By Karen Chernoff, Dwight School Social Studies Teacher
When I went to high school, memorizing information for a history test was key for a high mark. Rarely was the expectation to truly understand information, nor was it required to make connections among other people and events, let alone to make connections with other regions. Essay writing required a litany of examples; even final exam requirements rarely obligated one to understand patterns or cross-regional material. Thus, teachers who taught United States or European History seldom made a connection between these or any other regions.
In contrast, in the International Baccalaureate (IB) Higher Level (HL) History of the Americas or HL History with a strong emphasis on European and Asian History, students are expected to draw connections and to focus on patterns and perspectives. These skills are expectations of the IB, made obvious by required mark schemes. Skills such as these are also critical in life because analysis involving the understanding of patterns helps to provide a more complete picture of a person or a people. Such analysis may also explain why a country takes the actions, or reacts the way, it does. Teaching only one aspect of a person's life or of an event lessens students' understanding of the "truth." Here is where an IB History course differs from other classes, and where learning rich layers of history can change a student's life.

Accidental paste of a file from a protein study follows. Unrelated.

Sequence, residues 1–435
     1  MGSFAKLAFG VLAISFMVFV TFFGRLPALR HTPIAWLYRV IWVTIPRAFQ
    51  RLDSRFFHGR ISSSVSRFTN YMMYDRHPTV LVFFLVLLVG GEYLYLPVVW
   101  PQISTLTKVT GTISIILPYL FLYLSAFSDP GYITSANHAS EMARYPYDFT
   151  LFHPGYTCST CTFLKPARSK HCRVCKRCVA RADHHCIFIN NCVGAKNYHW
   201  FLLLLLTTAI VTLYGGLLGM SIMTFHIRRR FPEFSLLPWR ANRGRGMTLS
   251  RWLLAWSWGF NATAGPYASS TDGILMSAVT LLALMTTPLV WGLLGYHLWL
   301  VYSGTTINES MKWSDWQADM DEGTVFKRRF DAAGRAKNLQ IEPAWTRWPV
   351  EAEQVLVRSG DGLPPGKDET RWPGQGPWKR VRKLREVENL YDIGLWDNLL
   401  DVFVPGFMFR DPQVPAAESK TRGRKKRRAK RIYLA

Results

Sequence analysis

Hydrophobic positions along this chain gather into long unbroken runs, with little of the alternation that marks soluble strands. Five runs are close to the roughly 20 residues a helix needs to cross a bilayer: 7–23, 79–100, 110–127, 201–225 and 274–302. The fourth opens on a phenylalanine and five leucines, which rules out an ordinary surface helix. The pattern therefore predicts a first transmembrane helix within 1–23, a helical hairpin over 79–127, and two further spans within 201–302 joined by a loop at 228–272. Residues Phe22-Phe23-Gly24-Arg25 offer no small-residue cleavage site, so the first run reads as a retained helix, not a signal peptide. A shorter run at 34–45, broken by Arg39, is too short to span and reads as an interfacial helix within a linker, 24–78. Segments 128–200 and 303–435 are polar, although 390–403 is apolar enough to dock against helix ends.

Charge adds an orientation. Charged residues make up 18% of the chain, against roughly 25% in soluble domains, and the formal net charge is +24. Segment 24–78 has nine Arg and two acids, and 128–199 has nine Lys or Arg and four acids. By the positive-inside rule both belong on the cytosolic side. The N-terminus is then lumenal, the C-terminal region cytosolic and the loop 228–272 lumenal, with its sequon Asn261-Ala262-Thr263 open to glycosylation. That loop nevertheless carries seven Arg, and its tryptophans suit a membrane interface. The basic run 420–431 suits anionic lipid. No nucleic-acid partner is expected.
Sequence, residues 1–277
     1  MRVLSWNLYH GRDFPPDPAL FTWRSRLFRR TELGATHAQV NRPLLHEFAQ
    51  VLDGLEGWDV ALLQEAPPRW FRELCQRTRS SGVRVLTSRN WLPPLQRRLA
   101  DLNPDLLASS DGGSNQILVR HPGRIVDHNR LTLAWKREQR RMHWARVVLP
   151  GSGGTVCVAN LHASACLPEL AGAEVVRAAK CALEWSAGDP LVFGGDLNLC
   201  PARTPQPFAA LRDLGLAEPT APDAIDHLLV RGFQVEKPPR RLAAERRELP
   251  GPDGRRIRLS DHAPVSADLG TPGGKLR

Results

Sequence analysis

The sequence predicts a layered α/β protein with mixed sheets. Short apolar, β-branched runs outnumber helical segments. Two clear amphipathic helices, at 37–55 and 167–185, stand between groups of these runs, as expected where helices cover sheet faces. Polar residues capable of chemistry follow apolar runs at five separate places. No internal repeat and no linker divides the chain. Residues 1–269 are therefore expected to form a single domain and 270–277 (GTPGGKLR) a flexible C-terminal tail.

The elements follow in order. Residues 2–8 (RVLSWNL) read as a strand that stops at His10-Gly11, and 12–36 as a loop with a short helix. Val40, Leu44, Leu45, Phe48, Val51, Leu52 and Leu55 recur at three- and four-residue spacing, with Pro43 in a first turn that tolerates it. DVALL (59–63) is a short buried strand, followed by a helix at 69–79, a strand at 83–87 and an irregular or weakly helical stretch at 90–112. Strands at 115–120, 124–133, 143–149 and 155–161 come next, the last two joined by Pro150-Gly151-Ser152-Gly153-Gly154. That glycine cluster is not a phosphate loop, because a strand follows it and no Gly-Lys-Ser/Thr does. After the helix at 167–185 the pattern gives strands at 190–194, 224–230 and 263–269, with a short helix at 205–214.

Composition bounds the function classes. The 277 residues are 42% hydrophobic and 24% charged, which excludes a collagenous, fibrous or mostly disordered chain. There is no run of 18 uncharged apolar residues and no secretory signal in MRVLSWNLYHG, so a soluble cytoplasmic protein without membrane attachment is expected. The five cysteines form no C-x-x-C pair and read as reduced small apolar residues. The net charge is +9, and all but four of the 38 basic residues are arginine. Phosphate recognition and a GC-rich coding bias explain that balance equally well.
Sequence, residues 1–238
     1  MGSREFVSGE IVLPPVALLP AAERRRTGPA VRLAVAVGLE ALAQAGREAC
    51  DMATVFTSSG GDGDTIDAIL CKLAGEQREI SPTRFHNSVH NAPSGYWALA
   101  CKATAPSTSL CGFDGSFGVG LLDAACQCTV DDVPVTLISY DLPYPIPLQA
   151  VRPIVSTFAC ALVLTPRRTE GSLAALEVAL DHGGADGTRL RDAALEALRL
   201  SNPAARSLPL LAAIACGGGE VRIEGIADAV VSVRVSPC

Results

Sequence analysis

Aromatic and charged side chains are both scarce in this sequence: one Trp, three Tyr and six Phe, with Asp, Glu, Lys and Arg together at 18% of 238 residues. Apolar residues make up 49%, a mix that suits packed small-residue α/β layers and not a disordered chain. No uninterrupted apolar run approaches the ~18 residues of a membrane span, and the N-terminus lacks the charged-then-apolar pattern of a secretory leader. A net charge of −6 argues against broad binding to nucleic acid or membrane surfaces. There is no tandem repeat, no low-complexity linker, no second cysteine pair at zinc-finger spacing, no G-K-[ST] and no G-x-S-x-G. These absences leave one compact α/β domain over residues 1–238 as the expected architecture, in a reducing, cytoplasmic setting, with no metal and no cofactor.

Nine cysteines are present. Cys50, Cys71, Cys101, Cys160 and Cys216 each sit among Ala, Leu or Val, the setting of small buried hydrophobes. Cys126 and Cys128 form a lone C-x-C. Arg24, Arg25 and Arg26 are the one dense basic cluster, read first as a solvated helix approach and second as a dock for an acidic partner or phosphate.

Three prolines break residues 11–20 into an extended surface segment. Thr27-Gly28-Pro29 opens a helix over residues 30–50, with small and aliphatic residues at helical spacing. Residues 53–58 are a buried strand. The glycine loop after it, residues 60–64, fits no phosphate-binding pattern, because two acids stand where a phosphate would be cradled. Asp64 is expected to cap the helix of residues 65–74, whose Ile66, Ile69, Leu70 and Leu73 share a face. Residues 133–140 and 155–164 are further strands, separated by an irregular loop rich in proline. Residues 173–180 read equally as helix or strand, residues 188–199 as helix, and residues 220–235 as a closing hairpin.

For example, in IB History, teaching context is paramount, and a student's understanding of context helps his/her work and point of view gain credibility. In addition, understanding how context relates to one's point of view enables a student to better argue and support that point of view, providing invaluable practice for real-life scenarios. The more thoughtful, constructive support one provides to an argument, the more meaningful the discussion becomes for all. Background information such as dates, times, regions, previous history, patterns, cultural norms, and so forth constitute support for one's claim; the absence of which should be challenged. In IB History classes, students must provide valid premises for their work.
IB History constantly pushes a student to look beyond his/her personal perspective to get closer to the "truth." Failure to do so is myopic and will ultimately lead to a poor mark and provide the student with little in the way of reflection.
As in life, the audience to whom a person is speaking or for whom a person is writing, changes the language used; this, too, must be weighed and factored into IB History papers as they are judged for having "appropriate" language. In life, knowing one's audience and speaking to that audience wins arguments and opens doors to opportunity.
IB History requires students to understand events, people, and cultures from various perspectives and to go beyond the value of one's own perspective. Analysis and incorporation of added perspectives, here again, allows for an open dialogue and other points to challenge. Ultimately, IB students must have a point of view, but backing up that point of view, requires insight, understanding, and thoughtfulness.
Teaching IB History well helps students to make informed choices that require both deductive and inductive reasoning. The end goal is to challenge students to make judgments that are more logical, analytical, and balanced, which can impact positively on all aspects of their lives ― and on our world.